Tuesday, 17 January 2017

China is Open for Business

Chinese President Xi Jinping addresses the World Economic Forum in Davos
Xi Jinping is the first Chinese President to address the World Economic Forum, and today he used the platform to take the high road, making the case for globalization in a time when the UK will implement Brexit and President-Elect Donald Trump advocates isolationism.

In his speech, Xi promised to improve market access for foreign companies, and said China has no intention of devaluing the yuan or launching a currency war.

He said protectionism had to be opposed and the finger-pointing stopped.

"Those who push for protectionism are shutting themselves inside a dark house. They have escaped the rain and clouds outside, but also missed the light and air," he said. "A trade war will only lead to suffering on both sides."

Xi says China is open to foreign companies... really?
Since his predecessor Hu Jintao's leadership, China has been protectionist too, making it harder and harder for foreign companies to do business in the Middle Kingdom. And with the further media suppression on foreign journalists and outlets, people on the outside find it harder to get the information they need to objectively assess the situation.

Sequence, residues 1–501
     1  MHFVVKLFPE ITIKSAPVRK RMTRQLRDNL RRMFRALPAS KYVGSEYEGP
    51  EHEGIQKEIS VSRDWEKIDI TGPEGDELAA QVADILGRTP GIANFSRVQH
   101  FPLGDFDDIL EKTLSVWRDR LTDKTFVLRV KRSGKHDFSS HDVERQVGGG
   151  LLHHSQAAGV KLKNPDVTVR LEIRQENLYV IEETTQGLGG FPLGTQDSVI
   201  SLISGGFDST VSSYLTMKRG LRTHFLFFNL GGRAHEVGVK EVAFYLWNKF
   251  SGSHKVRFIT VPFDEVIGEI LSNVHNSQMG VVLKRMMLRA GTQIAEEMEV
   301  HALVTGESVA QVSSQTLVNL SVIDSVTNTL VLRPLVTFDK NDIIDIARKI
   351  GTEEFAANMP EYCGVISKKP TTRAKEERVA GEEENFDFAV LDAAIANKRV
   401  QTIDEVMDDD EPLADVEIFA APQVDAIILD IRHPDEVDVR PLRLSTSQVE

So if Xi really does keep his word, it will be interesting to see China open its doors for more business -- but are companies willing to pay higher wages for labour? And will this still be cheap manufacturing, or something higher up the manufacturing chain?

In addition, Xi said there was no point in blaming globalization to the Syrian refugee crisis or the 2008 financial crisis. He said there was "no justification for wiping out economic globalization all together".

How does the Syrian refugee crisis have anything to do with globalization, when it's a civil war in the country?

What kind of president will Donald Trump be?
Nevertheless, it seems Xi is keen to stimulate his country's economy -- apparently it grew just over 6 percent in 2016 -- and perhaps get rid of its overproduction.

As the inauguration of Trump drawer closer, many are trying to come to terms with the new normal in Washington. Will he continue to see it as one big reality show in the White House, or will he really take the job seriously and help those who voted him into office?

Xi is probably looking on horrified at having to deal with a man who makes knee-jerk pronouncements that may or may not have substance. However, he is probably impressed by how Trump handles press conferences by shutting reporters down...

Monday, 16 January 2017

Carrie on the Hustings


Carrie Lam announced her intention to run for the next chief executive today

Carrie Lam Cheng Yuet-ngor has officially thrown her hat into the ring for the next chief executive of Hong Kong.

Her resignation was approved by Beijing (along with John Tsang Chun-wah's), and she wasted no time in announcing her intentions.